Despite his two defeats and the fact that he has never won at Ascot, Battaash’s position at the head of the betting for this year’s renewal is understandable. Whether he represents value at a general price of 4/6 is another matter entirely. It would be a great story for all connected to Battaash were he to finally break his Ascot hoodoo but at the odds it just makes sense for punters to look for better value in the markets.
Glass Slippers (4/1)
Glass Slippers is second only to Battaash in the betting and she has every chance of getting the favourite beaten at a very nice price. Few would have believed that she would feature so prominently in the betting for the King’s Stand Stakes when she missed Royal Ascot last year and instead ran in the Listed Land O’Burns Fillies’ Stakes at Ayr. That impressive run was the start of things taking a real turn for the better though and Glass Slippers deserves the attention she’s getting for this contest.
She didn’t win that day at Ayr but didn’t get the best of the ground unlike the winner and would surely have nicked it given another couple of strides. Although she was unable to build on that run with a win next time out over six furlongs she did exactly that over that trip in the Listed Prix Club Hipico Santiago. She then had absolutely no problems with a return to five furlongs to win at Group 3 level in the Prix du Petit Couvert on good ground at Longchamp and showed yet more versatility with a Group 1 win in the Prix de ‘Abbaye de Longchamp Longines on very soft ground.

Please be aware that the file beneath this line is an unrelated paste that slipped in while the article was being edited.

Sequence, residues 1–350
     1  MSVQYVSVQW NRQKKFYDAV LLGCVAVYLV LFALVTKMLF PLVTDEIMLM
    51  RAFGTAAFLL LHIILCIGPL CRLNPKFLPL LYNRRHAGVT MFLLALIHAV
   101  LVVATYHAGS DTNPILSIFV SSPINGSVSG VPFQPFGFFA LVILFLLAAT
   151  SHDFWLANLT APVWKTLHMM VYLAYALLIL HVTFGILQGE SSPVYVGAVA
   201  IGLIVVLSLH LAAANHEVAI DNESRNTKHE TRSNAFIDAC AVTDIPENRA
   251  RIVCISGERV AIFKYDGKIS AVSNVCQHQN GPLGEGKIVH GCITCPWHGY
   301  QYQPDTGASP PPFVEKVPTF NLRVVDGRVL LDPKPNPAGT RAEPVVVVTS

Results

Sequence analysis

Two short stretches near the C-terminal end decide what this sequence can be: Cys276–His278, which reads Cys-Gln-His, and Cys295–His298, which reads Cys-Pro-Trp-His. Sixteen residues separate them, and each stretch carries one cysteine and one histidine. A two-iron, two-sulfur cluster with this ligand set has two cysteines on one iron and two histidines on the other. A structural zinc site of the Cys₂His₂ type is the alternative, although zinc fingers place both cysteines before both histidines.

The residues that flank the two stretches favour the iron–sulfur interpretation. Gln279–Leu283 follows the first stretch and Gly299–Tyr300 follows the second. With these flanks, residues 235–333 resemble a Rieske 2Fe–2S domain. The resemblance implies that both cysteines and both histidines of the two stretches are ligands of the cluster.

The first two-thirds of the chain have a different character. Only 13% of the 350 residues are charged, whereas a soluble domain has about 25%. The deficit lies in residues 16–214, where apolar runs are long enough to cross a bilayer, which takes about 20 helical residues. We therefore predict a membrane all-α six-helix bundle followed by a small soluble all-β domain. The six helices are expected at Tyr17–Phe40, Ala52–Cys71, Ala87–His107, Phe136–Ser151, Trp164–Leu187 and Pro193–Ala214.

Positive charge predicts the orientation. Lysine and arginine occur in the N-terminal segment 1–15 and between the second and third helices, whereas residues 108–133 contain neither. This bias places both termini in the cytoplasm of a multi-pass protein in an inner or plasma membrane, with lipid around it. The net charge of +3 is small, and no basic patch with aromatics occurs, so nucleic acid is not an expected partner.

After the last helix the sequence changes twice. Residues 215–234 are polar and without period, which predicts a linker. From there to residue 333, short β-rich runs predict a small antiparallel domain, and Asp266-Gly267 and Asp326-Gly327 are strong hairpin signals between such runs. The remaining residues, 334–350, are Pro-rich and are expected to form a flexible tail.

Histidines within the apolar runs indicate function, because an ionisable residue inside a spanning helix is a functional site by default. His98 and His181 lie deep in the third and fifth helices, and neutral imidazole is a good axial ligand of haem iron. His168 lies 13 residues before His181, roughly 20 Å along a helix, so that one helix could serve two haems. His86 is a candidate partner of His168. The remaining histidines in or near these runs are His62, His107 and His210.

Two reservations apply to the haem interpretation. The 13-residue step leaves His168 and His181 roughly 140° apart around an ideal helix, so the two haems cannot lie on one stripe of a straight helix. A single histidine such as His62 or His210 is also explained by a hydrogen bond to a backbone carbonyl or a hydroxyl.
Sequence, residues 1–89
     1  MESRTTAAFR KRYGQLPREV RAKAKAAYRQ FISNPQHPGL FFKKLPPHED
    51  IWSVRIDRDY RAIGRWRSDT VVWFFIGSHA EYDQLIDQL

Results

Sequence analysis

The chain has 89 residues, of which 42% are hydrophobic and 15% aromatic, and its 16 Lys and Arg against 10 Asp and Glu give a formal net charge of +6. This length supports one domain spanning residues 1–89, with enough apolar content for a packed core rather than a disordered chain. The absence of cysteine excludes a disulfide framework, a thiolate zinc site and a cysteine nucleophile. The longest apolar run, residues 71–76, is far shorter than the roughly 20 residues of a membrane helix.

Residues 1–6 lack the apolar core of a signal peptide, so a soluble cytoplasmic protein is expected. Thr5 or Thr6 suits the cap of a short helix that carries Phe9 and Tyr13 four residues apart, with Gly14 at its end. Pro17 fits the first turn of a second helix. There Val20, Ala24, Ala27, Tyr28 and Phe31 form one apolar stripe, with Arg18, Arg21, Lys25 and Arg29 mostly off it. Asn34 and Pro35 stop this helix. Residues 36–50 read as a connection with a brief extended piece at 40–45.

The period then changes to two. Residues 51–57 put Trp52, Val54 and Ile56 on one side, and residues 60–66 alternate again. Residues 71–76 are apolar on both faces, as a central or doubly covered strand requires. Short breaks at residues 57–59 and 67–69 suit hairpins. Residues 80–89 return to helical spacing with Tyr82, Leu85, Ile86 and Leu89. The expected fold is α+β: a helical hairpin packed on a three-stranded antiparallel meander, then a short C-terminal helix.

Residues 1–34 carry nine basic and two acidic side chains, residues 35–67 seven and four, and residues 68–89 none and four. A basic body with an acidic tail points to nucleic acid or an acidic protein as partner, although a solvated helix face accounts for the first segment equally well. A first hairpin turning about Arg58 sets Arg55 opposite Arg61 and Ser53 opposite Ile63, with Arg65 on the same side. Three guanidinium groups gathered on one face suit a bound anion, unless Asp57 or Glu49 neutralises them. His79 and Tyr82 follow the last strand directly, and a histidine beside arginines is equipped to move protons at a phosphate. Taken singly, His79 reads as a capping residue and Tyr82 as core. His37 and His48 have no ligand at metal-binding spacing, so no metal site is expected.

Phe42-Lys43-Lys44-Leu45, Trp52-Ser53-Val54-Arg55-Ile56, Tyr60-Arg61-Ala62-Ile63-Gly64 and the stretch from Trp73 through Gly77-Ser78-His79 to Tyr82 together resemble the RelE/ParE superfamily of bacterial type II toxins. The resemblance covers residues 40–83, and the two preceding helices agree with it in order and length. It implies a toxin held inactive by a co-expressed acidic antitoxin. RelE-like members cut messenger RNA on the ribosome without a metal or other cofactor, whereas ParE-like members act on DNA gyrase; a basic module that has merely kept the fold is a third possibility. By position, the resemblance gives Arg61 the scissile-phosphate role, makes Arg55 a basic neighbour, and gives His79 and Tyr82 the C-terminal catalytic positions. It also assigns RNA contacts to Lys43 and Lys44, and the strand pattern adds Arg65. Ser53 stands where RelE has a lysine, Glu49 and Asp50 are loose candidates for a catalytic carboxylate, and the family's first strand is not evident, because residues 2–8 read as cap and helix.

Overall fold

What was perhaps most impressive about that first Group 1 success was the way that Glass Slippers was able to overcome a sluggish start to get right into contention and eventually take the race away from her opponents inside the final furlong.
Kevin Ryan was obviously delighted with Glass Slippers’ performances last season and has suggested that she’s even quicker as a four year old. He also claimed that she doesn’t need a competitive warm up run to be right back up there at her best so she is a very interesting option at 4/1.